Isotactics as a Foundation for Alignment and Abstraction of Behavioral Models

  • Artem Polyvyanyy
  • Matthias Weidlich
  • Mathias Weske
Part of the Lecture Notes in Computer Science book series (LNCS, volume 7481)


There are many use cases in business process management that require the comparison of behavioral models. For instance, verifying equivalence is the basis for assessing whether a technical workflow correctly implements a business process, or whether a process realization conforms to a reference process. This paper proposes an equivalence relation for models that describe behaviors based on the concurrency semantics of net theory and for which an alignment relation has been defined. This equivalence, called isotactics, preserves the level of concurrency of aligned operations. Furthermore, we elaborate on the conditions under which an alignment relation can be classified as an abstraction. Finally, we show that alignment relations induced by structural refinements of behavioral models are indeed behavioral abstractions.


Business Process Behavioral Model Business Process Management Business Process Model Alignment Relation 
These keywords were added by machine and not by the authors. This process is experimental and the keywords may be updated as the learning algorithm improves.


Unable to display preview. Download preview PDF.

Unable to display preview. Download preview PDF.


  1. 1.
    OMG: Business Process Model and Notation (BPMN), Version 2.0 (January 2011)Google Scholar
  2. 2.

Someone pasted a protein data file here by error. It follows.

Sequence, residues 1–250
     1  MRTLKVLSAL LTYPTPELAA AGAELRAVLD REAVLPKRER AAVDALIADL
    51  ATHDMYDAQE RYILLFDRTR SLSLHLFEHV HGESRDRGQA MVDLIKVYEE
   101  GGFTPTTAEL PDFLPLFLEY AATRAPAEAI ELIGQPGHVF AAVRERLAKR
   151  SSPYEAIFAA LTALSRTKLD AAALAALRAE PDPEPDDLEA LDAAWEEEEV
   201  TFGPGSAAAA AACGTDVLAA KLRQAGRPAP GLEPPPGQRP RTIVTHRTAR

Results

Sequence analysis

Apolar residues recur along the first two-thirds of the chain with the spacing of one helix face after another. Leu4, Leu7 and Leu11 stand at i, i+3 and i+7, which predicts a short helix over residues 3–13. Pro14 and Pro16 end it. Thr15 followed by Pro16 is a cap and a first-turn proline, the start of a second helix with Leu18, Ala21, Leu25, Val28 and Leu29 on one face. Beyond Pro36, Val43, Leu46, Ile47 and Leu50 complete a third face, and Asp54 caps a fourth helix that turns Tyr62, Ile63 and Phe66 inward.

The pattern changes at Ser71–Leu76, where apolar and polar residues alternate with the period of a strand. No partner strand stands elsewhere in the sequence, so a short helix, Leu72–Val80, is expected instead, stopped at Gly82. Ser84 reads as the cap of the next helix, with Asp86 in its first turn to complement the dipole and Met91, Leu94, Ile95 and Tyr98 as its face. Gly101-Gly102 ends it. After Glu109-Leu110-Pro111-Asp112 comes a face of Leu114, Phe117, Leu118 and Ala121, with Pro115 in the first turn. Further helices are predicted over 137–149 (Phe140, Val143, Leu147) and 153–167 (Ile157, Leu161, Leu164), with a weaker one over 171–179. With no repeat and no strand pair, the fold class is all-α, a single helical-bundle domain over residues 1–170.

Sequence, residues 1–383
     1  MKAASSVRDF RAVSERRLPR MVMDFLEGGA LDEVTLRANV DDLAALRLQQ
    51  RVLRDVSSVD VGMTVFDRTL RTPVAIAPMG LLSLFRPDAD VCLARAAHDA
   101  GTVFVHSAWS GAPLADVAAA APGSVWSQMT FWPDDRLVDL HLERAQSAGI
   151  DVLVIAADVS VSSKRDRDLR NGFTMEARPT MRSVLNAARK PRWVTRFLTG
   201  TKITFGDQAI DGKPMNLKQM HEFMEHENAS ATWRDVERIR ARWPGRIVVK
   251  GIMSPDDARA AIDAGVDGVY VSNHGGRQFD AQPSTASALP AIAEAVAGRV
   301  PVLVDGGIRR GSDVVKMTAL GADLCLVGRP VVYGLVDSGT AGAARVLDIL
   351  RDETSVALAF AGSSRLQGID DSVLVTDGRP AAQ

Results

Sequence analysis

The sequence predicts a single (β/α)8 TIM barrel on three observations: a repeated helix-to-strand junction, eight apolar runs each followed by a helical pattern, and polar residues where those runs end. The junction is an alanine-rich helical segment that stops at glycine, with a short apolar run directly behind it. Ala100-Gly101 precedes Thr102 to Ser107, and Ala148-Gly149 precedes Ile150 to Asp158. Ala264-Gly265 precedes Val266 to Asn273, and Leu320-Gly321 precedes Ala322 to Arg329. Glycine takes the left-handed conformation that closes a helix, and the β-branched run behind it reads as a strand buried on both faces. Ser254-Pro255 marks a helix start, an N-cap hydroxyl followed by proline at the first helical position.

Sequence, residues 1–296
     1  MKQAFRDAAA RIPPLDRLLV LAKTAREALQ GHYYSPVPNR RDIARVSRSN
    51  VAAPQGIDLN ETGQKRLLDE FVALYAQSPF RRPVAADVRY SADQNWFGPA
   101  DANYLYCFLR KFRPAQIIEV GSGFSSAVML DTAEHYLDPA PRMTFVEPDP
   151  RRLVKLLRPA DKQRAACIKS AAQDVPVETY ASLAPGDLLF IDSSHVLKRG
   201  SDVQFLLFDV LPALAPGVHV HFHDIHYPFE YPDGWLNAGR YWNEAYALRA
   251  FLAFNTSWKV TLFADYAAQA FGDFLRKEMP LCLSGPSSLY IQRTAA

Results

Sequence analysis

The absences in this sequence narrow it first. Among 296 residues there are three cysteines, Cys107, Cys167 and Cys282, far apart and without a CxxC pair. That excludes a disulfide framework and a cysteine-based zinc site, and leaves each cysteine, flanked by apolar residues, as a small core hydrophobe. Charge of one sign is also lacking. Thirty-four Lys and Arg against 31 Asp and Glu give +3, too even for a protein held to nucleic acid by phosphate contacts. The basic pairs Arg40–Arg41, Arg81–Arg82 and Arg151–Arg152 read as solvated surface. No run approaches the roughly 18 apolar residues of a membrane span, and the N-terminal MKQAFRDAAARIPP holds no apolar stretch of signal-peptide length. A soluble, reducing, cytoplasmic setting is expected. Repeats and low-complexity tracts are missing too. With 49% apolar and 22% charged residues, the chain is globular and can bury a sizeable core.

van der Aalst, W.M.P.: Inheritance of Business Processes: A Journey Visiting Four Notorious Problems. In: Ehrig, H., Reisig, W., Rozenberg, G., Weber, H. (eds.) Petri Net Technology for Communication-Based Systems. LNCS, vol. 2472, pp. 383–408. Springer, Heidelberg (2003)CrossRefGoogle Scholar
  3. 3.
    Polyvyanyy, A., Smirnov, S., Weske, M.: Business Process Model Abstraction. In: Handbook on Business Process Management 1, pp. 149–166. Springer (2010)Google Scholar
  4. 4.
    Nielsen, M., Plotkin, G.D., Winskel, G.: Petri nets, event structures and domains, Part I. Theoretical Computer Science (TCS) 13, 85–108 (1981)MathSciNetzbMATHCrossRefGoogle Scholar
  5. 5.
    Milner, R.: A Calculus of Communication Systems. LNCS, vol. 92. Springer, Heidelberg (1980)CrossRefGoogle Scholar
  6. 6.
    Park, D.: Concurrency and Automata on Infinite Sequences. In: Deussen, P. (ed.) GI-TCS 1981. LNCS, vol. 104, pp. 167–183. Springer, Heidelberg (1981)CrossRefGoogle Scholar
  7. 7.
    Liu, D.R., Shen, M.: Workflow modeling for virtual processes: An order-preserving process-view approach. Information Systems (IS) 28(6), 505–532 (2003)zbMATHCrossRefGoogle Scholar
  8. 8.